Guide

Legal aid

Last updated: 22 August 2017

Civil cases

Civil legal aid could help with the costs of using a solicitor to prepare a case and speak for you in court. Examples of civil cases include:

  • divorce, ending a civil partnership and disputes about children
  • trying to get compensation for injuries after an accident or for medical negligence
  • housing – e.g. rent or mortgage arrears, repairs and evictions
  • problems with debt or benefits
  • immigration, nationality and asylum

If you're just looking for legal advice and need help with the costs, you would apply for 'advice and assistance'.

To apply for civil legal aid you'll need to find a solicitor that does legal aid work. They'll talk you through your options, let you know if it's likely you'll get civil legal aid and help you with the application process.

Who can get help

You'll usually need to show that you can't afford to pay for your legal costs yourself. You may have to pay some money towards the costs of your case, or pay costs back later. You may not need to pay anything at all, depending on your financial position and the type of legal help you need.

Your solicitor can tell you if it's likely you'll get civil legal aid. However, it's the Scottish Legal Aid Board (SLAB) who will assess your application and tell you what you'll pay towards your legal costs.

Your solicitor will give you some forms to fill in and they'll send these to SLAB on your behalf. SLAB will check:

  • your financial situation – can you afford your legal costs without help from SLAB?
  • you have 'probable cause' – is there a legal basis to take your case forward?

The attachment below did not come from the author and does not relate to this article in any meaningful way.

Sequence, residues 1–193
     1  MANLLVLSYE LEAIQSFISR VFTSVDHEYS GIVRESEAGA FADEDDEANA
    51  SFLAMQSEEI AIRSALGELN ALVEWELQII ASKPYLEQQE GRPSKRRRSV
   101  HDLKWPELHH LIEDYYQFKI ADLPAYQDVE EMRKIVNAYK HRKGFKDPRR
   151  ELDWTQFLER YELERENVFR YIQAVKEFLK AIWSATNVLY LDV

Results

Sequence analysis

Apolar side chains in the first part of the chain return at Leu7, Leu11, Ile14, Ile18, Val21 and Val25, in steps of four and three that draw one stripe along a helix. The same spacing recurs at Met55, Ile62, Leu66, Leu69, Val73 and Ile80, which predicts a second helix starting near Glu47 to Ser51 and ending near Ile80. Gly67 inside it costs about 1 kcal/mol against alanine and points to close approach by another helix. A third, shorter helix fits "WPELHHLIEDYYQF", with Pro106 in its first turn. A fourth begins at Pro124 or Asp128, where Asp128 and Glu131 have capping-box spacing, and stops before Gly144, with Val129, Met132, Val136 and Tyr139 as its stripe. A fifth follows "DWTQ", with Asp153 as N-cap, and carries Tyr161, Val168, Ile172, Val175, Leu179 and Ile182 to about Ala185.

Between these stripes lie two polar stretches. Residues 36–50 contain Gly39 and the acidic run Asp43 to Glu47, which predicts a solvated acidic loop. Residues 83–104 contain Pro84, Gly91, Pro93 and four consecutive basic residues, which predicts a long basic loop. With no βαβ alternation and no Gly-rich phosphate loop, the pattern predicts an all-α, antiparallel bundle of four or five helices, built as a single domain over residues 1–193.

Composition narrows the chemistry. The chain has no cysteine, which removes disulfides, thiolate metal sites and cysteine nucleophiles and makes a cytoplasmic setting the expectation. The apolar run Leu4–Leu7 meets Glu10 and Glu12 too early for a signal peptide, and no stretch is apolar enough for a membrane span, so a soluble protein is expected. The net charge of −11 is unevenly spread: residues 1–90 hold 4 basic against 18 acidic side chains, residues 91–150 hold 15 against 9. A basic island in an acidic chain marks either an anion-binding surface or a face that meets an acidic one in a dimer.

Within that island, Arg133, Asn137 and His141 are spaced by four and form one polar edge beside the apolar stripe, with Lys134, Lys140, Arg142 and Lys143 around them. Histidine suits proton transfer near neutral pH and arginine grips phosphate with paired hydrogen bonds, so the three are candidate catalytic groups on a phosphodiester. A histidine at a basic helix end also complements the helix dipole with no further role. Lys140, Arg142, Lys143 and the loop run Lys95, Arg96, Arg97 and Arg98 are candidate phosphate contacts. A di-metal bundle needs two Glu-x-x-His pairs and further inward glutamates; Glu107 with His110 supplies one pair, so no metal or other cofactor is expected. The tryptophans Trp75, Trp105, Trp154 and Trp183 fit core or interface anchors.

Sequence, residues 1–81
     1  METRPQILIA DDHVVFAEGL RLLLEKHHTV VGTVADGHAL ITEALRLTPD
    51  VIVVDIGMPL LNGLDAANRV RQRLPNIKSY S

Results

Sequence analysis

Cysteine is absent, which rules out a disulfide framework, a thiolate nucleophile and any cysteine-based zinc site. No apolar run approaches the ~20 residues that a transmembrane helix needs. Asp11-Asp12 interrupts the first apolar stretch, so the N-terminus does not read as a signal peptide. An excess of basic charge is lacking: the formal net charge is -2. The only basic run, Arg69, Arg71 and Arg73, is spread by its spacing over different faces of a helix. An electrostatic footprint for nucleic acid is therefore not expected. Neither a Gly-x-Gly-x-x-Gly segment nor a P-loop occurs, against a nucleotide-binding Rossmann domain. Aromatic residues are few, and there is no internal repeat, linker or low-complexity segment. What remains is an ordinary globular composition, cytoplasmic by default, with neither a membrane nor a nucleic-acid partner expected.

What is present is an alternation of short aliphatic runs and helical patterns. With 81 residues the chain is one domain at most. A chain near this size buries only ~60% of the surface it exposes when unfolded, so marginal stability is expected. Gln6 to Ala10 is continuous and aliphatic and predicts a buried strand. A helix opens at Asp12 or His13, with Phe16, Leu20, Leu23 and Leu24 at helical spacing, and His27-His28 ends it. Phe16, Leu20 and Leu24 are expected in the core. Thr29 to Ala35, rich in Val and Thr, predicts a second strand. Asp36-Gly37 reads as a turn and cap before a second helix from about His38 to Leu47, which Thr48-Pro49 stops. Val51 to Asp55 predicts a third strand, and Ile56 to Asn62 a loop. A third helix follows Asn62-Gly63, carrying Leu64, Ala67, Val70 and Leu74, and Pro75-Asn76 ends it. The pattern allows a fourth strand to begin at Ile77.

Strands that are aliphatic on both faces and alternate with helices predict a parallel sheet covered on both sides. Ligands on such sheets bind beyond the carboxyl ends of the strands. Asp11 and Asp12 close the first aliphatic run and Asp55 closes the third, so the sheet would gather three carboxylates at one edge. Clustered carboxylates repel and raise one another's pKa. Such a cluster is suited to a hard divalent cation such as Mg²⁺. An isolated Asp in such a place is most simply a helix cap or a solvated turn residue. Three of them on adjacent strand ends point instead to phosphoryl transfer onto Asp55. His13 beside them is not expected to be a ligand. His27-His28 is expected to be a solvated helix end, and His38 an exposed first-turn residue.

• it's reasonable to spend public money to support your case – is it likely to succeed, and will it cost more than it's worth?
  • help isn't available to you from somewhere else – is there a trade union or insurance company that could help you, and have you tried to settle your case without going to court?

When SLAB checks your financial situation they'll look at you and your partner's (unless you're separated or your case involves them):

  • disposable capital (savings, shares, property and money you could use or sell to pay for legal help – this doesn't include the house you live in)
  • disposable income (this is the money you have left after paying all your living expenses, like your rent/mortgage, council tax, childcare costs, debt repayments and your travel to work)

What you might need to pay

Use the examples below to see if it's likely you'll get civil legal aid (based on your financial situation) and what you might need to pay. Alternatively, you can use the civil legal aid online estimator on the SLAB website.

Remember that SLAB will also look at how strong your case is, and you may have to pay costs back later if you keep or gain money or property.

If you get benefits

You won't need to pay anything towards your legal costs if you get:

'Income-based' is a type of benefit you get because you're on a low income.

If you have savings

You may have to pay a lump sum towards your legal costs if you have capital (savings, shares and property) worth over £7,853. If you have capital worth over £13,017 you may not be eligible for civil legal aid, unless it appears to SLAB you can't afford to proceed without legal aid.

For example, if your disposable capital is worth between £7,853 and £13,017, deduct £7,853. This is the amount your lump sum will be.